Yes, I've seen that libertarian streak in quite a few people--at least that's what most people would call it. They probably wouldn't call themselves libertarian, but they seem to be panicked by the thought of losing their ability to earn money and control their net worth. They see people who accept climate change as conspirators bent on interfering in their economic lives. They are intelligent for the most part and should understand the science behind climate change but they refuse to accept it. They are full of fears. They will come up with crazy ideas about how climate change is not happening, about how all the scientists who back it are wrong. I think it is an emotional aberration, a form of paranoia. It interferes with their intellectual functioning. Lois

Yea guess that’s what happens to a society that becomes disconnected from the realities of our planet’s evolutionary process.
A little less Hollywood and bit more reality would have done our country much good…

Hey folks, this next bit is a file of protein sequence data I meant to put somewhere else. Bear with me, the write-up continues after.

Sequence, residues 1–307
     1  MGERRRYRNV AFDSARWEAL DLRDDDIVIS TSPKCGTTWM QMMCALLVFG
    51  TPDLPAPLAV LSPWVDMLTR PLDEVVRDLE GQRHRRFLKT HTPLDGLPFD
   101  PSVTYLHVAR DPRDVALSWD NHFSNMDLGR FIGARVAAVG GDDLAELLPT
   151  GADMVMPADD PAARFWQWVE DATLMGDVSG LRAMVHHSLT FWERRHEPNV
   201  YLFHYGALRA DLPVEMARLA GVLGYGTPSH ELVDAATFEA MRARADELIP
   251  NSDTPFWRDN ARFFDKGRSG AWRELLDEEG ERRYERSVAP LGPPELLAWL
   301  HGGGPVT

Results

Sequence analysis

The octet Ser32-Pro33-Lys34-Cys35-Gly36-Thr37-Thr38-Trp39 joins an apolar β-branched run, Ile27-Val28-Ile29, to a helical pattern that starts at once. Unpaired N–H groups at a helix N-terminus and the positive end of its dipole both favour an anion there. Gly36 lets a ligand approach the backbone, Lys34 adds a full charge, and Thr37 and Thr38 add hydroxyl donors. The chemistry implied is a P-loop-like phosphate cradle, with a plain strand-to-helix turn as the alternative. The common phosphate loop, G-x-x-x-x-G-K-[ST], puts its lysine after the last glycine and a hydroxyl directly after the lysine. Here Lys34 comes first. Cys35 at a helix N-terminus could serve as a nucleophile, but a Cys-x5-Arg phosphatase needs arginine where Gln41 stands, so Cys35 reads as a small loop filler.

although with every passing week I gain a deeper appreciation that the problem is simple,
we had too much too fast,
and the solution…
at this point it’ll all be
too little too late.
We got one wild ride ahead of us and the libertarian ethos ain’t gonna make it any easier.
But, at least many Americans will have had time to brush up on their shooting skills, that should help us ease into the tough days to come.
It’s all a dream we dreamed one afternoon long ago.

Lois I did a little addition

While scientific literacy is important, I believe political and social conservatism is even more important. My two libertarian friends are both quite scientifically literate and also GCC deniers. That side does publish papers "showing" that all of the factors that indicate GCC have also happened in the past. The conservative scientifically literate take those things as proof against it. Occam